see the symbolism of the 'plus' or 'cross' sign as 'I', 'ego',
transfigured with the space of loving receptivity and so made
responsive to its natural neighbourhood as a vital aspect of itself.
Hence 'positive' could be regarded as a dynamic inclusion of,
not an abstraction from space.
We continue to treat 'light' and 'darkness',
as discrete electromagnetic and gravitational fields rather than
vital inclusions of one another in the dynamical oneness or bothness
of energy-space. And we try to lock life and love outside of our
dislocated individual bodily selves.
How can all this be remedied? Perhaps by accepting
and learning to love darkness, what Carl Jung called our Shadow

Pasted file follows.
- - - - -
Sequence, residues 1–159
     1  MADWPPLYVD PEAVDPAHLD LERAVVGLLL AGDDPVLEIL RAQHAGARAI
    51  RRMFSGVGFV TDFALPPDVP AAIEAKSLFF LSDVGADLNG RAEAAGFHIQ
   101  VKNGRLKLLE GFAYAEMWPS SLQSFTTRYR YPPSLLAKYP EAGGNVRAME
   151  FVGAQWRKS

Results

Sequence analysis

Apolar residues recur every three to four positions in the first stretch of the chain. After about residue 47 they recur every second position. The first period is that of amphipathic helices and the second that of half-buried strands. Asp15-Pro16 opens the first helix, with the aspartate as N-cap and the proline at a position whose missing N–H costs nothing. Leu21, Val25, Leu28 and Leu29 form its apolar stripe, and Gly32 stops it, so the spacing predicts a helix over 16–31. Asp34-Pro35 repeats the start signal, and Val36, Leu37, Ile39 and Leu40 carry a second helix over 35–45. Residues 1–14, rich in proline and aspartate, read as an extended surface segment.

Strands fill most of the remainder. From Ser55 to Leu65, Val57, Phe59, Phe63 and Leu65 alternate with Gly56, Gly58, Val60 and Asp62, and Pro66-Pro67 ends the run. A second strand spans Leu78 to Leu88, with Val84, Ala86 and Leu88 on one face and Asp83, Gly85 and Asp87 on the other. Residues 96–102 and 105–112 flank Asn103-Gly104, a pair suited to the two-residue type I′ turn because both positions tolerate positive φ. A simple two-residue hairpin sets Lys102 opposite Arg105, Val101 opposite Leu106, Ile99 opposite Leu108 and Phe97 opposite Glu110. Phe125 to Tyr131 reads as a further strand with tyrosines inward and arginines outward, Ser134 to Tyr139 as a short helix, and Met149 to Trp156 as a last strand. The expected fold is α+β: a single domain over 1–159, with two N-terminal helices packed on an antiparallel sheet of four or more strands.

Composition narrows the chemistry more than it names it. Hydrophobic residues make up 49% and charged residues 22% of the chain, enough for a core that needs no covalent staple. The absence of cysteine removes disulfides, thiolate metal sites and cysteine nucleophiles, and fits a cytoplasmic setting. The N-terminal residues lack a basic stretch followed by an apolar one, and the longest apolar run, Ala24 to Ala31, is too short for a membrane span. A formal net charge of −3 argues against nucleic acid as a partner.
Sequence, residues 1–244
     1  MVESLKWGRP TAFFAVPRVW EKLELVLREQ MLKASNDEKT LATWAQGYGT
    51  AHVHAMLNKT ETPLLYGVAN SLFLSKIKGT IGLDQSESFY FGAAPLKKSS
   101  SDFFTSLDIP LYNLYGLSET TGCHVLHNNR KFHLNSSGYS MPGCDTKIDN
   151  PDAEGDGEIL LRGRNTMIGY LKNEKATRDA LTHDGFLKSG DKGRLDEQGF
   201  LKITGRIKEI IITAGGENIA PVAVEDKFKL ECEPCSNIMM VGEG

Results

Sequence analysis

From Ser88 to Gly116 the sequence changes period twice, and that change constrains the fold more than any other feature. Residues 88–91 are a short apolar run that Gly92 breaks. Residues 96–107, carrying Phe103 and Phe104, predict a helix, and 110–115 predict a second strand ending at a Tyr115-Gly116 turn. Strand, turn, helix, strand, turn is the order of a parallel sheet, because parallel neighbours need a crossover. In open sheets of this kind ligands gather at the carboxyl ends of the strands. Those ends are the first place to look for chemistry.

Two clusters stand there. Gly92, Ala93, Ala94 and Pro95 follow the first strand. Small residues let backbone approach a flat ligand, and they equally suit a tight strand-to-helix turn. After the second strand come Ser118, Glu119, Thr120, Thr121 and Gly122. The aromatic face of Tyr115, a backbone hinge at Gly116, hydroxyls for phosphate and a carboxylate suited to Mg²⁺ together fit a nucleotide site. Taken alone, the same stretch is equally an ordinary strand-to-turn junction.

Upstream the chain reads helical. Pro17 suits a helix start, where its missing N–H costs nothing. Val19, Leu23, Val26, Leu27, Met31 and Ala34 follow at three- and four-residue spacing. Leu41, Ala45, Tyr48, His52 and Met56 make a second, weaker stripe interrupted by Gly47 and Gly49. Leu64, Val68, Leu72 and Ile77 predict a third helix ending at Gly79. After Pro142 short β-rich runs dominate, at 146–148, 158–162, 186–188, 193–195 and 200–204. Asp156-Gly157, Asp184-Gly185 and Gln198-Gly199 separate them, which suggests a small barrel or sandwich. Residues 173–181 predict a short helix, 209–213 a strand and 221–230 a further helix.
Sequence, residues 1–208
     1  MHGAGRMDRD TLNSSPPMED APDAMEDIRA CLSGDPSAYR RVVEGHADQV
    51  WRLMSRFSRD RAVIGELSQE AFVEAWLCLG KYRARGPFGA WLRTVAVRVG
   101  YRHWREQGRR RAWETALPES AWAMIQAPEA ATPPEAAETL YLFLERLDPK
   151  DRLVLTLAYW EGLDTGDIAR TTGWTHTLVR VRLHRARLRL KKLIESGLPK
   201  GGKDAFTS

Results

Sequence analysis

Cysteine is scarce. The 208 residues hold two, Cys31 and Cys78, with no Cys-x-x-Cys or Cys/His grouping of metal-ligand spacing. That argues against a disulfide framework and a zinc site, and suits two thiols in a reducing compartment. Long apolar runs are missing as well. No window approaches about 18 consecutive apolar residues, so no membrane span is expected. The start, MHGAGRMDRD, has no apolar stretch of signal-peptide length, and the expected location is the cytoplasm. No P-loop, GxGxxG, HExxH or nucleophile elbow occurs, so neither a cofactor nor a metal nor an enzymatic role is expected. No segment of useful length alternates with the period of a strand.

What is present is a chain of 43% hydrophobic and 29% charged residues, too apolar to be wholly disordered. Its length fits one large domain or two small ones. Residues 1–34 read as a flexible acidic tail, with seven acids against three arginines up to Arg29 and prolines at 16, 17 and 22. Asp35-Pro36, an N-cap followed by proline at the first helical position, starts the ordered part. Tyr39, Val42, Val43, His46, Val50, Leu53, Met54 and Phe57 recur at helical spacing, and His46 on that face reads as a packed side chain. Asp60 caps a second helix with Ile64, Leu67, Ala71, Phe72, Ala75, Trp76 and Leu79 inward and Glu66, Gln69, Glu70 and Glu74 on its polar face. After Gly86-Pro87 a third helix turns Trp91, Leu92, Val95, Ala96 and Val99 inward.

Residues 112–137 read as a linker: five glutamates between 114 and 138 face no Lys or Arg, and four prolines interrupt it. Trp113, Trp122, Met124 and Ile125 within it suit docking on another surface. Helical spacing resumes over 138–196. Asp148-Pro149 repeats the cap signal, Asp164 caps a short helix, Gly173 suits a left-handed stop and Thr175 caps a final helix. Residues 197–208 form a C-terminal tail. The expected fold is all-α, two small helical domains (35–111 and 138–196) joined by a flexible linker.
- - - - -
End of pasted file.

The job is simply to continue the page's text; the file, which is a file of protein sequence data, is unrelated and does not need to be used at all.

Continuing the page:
Archetype, recognizing that its receptivity is vital to life,
love and evolutionary creativity. Only by mentally alienating
ourselves from darkness and regarding it as fearful void do we
imagine it to be evil and in this way terrorize ourselves.
Are you calling for a revolution?
Yes, but not in the mechanical sense of the
turning of a wheel or the overturning and replacement of one form
of governance or understanding by another. I am calling for a
revolution in the sense of a re-evolution, an evolution that includes
loving receptivity in its thinking and framing of reality. I am
calling for a transformation from the solid fixtures and oppositions
of the logic of the excluded middle, to the fluid dynamic receptive-responsiveness
of the logic of the included middle, with space incorporated.
I feel this transformation is vital if we are to bring our sense
of human place in Nature back into more realistic proportion and